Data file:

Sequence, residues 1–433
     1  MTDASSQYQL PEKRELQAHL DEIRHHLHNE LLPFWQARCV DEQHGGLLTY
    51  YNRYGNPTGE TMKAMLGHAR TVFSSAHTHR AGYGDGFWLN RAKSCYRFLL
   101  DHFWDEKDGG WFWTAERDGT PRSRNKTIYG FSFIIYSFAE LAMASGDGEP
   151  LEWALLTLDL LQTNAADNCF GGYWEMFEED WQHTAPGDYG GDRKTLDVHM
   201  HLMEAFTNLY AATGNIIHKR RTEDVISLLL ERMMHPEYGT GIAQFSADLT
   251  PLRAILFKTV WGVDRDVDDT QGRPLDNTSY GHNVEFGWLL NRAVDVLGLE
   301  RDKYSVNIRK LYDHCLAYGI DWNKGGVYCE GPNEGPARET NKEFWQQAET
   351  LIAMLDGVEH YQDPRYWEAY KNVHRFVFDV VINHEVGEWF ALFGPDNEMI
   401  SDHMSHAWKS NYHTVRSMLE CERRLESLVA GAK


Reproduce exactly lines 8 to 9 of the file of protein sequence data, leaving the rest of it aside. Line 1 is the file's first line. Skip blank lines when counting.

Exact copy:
   301  RDKYSVNIRK LYDHCLAYGI DWNKGGVYCE GPNEGPARET NKEFWQQAET
   351  LIAMLDGVEH YQDPRYWEAY KNVHRFVFDV VINHEVGEWF ALFGPDNEMI